Citation Formats

Schneider, A. SULFOCHLORINATION OF HYDROCARBONS INDUCED BY GAMMA RADIATION. United States: N. p., 1958. Web. doi:10.2172/4336322.
Schneider, A. SULFOCHLORINATION OF HYDROCARBONS INDUCED BY GAMMA RADIATION. United States. doi:10.2172/4336322.
Schneider, A. Sun . "SULFOCHLORINATION OF HYDROCARBONS INDUCED BY GAMMA RADIATION". United States. doi:10.2172/4336322. https://www.osti.gov/servlets/purl/4336322.
@article{osti_4336322,
title = {SULFOCHLORINATION OF HYDROCARBONS INDUCED BY GAMMA RADIATION},
author = {Schneider, A.},
abstractNote = {The purpose of this study was to determine the effect of gamma radiation on the direct sulfochlorination of hydrocarbons and nitrobenzene. The radiation source consisted of spent uranium fuel elements, providing a gamma radiation intensity up to 2.5 x 10/sup 6/ roentgen/ hour. The sulfochloriuation studies were carried out either with SO/sub 2/Cl/sub 2/ or with gaseous mixtures of SO/ sub 2/ aud Cl/sub 2/. Attempts to sulfuochlorinate nitrobenzene and benzene were unsuccessful. There was no detectable reaction in the case of nitrobenzene, while the reaction with benzene produced only chlorinated products, up to the full addition product 1,2,3,4,5,6-hexachlorocyclohexane. Liquid cyclohexane reacted with SO/sub 2/ and Cl/sub 2/ in the presence of gamma radiation to give very high yields of cyclohexanesullonyl chloride, and to a smaller extent chlorocyclohexane and cyclohexanedisulfonyl chloride. The leugth of the chemical chain reaction induced by gamma radiation was estimated at over 2 x 10/sup 5/, and the radiochemical yield G was greater than 10/sup 6/. Sulfochlorination was the predominant reaction but at lower radiation intensities and for SO/sub 2/Cl/ sub 2/ ratios lower than unity, chlorination was found to exceed sulfochlorinatiou. Within a temperature range of 11.5 to 40.0 deg C, the selectivity of the reaction was independent of temperature. For a total gas flow rate of 1.9 l/min per liter C/sub 6/H/sub 12/ and SO/sub 2/Cl/sub 2/ ratios of 2/ 1, the rate of conver sion to C/sub 6/H/sub 11/SO/sub 2/Cl was proportional to the square root of the absorbed radiation dose up to a dose rate of 40 rad/min, but became independent of dose rate above 400 rad/min. Under these conditions, the conversion rate was 0.025 g-moles C/sub 6/H/sub 11/SO/sub 2/Cl/ (l) (min). A basic plant design was developed for the contiuuous sulfo chlorination of cyclohexame initiated by gamma radiation. Tbe economics of this process may become attractive with the expected availability of cheap radiation sources. Solutions of cyclohexane, chlorine, and sulfur dioxide in carbon tetrachloride were irradiated in an oxygen-free system. Reaction rates, equivalent to the rate of disappearance of free chlorine, were determined spectrophotometrically at 4000 A. The reaction products were cyclohexanesulfonyl chloride and hydrochloric acid in nearly stoichiometric quantities. An empirical rate equation was derived, in which the rate of disappearance of chlorine was shown to be proportional to the square root of the product of absorbed radiation, chlorine and cyclohexane concentrations, and independent of the concentration of sulfur dioxide. A chain mechanism was proposed, and the rate equation derived from this scheme was found to be in excellent agreement with the empirical rate equation the reaction proceeded by a free radical mechanism, as evidenced by the strong inhibiting effect of oxygen. Gnumbers were of the order of 10/sup 5/, corresponding to an estimated chain length of 5000, which is of the same order as the quantum yield of the photochemical sulfochlorination. Activation energies for the individual reactions were derived from the reaction rate constants at two temperatures and compared favorably with values reported for similar photochemical reactions. (auth)},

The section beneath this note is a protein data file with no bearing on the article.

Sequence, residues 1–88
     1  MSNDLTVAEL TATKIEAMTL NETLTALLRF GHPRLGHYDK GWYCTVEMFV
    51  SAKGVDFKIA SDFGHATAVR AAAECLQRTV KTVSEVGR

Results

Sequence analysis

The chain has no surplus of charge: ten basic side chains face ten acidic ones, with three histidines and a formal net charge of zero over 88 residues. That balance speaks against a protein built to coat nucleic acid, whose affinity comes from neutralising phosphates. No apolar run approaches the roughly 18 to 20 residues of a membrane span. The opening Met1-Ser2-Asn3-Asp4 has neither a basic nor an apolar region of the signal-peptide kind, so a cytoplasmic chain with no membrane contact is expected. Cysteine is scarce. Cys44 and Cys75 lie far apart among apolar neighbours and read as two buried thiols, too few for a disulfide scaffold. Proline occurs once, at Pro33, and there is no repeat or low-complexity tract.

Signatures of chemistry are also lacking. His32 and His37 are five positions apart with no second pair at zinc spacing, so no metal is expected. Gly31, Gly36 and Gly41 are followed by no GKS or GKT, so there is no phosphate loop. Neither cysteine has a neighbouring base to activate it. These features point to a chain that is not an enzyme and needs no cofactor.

doi = {10.2172/4336322},
journal = {},
number = ,
volume = ,
place = {United States},
year = {1958},
month = {6}
}